The day was to close with Mass. During the General Intercessions, the priest invited the young people to add their own petitions. The first to speak, a white student, offered a petition that was clearly offensive to the African American students. As a result, the offended students stood up and walked out. The student who had offered the petition spit out, “Let them go! We don’t need them!” After a few minutes of stunned silence, Father removed his stole and asked the remaining students to return to their rooms and wait for their bus, saying, “We can’t celebrate the Mass today.” But, that’s not how the story ends.

A week later, Father Adrian was beginning a retreat with a group of adults when he noticed several young men quietly enter the rear of the conference room. As he walked back to welcome them at the conclusion of his talk, he recognized them as the students who had walked out of that liturgy a week before. They told him that two reasons brought them back. First, they needed to apologize for not handling their problems in a more Christian manner, and secondly, to tell them what they had learned. They didn’t fully realize what the Eucharist was until they couldn’t celebrate it.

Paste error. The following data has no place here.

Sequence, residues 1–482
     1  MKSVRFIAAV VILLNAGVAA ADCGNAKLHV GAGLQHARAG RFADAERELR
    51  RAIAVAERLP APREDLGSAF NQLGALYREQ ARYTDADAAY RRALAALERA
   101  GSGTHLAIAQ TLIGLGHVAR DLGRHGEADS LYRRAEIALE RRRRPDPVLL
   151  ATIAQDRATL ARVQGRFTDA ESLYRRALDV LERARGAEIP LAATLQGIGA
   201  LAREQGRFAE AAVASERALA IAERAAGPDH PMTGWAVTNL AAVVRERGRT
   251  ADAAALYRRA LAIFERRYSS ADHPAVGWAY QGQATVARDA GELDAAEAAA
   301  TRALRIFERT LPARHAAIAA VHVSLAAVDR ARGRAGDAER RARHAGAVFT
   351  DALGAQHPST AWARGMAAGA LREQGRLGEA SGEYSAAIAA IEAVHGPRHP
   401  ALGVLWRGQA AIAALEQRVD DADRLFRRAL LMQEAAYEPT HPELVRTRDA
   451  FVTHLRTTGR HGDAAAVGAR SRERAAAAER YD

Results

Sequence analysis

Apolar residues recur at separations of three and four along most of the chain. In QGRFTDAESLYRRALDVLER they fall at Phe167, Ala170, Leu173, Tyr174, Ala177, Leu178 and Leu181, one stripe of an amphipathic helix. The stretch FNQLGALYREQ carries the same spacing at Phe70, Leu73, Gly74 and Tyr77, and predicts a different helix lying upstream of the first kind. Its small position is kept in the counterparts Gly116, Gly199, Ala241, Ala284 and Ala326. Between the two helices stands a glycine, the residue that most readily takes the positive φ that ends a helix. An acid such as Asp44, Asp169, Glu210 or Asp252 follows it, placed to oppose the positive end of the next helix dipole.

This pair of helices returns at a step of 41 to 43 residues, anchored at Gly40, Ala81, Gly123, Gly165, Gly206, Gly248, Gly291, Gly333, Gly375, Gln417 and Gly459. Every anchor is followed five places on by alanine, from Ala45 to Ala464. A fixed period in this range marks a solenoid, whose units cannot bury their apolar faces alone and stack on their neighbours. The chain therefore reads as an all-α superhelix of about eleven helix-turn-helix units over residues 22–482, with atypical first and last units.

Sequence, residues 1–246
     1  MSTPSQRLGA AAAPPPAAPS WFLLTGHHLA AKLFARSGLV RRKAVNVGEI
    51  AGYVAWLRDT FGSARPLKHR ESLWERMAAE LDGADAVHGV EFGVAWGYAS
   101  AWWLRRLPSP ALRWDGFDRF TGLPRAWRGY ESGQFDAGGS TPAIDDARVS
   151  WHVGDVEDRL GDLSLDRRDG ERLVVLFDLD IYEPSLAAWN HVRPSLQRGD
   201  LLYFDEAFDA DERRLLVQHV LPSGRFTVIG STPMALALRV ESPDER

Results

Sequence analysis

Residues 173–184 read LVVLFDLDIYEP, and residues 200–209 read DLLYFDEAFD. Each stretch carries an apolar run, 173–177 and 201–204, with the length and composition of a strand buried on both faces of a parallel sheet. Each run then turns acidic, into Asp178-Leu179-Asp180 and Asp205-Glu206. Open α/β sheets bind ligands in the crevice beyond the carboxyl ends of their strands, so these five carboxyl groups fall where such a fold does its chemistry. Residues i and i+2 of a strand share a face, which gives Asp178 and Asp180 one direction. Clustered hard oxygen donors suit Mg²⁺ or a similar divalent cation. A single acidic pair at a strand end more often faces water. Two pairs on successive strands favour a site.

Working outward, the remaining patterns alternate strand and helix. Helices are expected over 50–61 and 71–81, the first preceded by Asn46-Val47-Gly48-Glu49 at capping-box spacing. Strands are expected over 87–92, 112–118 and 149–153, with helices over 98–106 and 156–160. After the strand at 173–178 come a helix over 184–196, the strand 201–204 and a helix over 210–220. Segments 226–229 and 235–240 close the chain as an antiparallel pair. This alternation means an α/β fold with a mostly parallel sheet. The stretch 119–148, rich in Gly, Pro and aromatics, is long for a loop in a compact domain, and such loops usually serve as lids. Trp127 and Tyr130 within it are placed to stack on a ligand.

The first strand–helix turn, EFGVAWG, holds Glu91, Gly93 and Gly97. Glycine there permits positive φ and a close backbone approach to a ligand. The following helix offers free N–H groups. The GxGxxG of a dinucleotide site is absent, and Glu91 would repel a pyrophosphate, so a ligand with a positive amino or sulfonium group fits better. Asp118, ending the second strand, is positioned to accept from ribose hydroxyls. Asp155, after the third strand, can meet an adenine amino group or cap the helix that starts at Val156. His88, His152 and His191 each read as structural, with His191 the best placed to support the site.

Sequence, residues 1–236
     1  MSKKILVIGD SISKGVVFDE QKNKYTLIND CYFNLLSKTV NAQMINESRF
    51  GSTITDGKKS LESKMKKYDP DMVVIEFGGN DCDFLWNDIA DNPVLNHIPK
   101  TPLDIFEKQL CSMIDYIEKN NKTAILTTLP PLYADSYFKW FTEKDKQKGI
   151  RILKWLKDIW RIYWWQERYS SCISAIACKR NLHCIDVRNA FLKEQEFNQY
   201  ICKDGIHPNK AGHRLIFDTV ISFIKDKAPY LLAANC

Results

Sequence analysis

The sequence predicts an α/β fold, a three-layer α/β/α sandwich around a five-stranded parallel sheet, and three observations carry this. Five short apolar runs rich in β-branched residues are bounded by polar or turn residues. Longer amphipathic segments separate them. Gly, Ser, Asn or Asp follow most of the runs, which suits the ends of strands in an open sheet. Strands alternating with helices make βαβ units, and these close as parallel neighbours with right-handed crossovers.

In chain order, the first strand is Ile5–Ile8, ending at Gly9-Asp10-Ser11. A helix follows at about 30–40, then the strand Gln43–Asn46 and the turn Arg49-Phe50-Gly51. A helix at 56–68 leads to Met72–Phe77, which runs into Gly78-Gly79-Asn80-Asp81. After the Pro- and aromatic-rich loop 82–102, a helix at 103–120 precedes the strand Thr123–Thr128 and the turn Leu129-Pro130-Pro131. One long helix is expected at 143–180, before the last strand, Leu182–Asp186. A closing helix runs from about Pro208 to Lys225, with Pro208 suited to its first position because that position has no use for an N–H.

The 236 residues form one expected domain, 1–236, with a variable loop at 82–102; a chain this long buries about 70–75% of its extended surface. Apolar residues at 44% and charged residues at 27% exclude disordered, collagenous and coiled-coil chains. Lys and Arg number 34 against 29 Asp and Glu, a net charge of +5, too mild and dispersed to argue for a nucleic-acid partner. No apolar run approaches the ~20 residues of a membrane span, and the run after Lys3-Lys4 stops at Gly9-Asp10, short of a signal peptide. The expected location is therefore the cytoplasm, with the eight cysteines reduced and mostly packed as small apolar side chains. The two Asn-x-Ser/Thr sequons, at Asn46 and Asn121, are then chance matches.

Catena Nova

    “I am the Good Shepherd. The Good Shepherd lays down his life for his sheep.” For the sake of his flock the shepherd was sacrificed as though he were a sheep. He did not refuse death; he did not destroy his executioners as he had the power to do, for his passion was not forced upon him. He laid down his life for his sheep of his own free will.  “I have the power to lay it down,” he said, “and I have the power to take it up again.” .... By his passion he made atonement for our evil passions, by his death he cured our death, by his tomb he robbed the tomb, by the nails that pierced his flesh he destroyed the foundations of hell. Death held sway until Christ died. The grave was bitter, our prison was indestructible, until the shepherd went down and brought to his sheep, confined there, the good news of their release. His appearance among them gave them a pledge of their resurrection and called them to a new life beyond the grave. To him be glory and power for ever. Amen (Basil of Seleucia).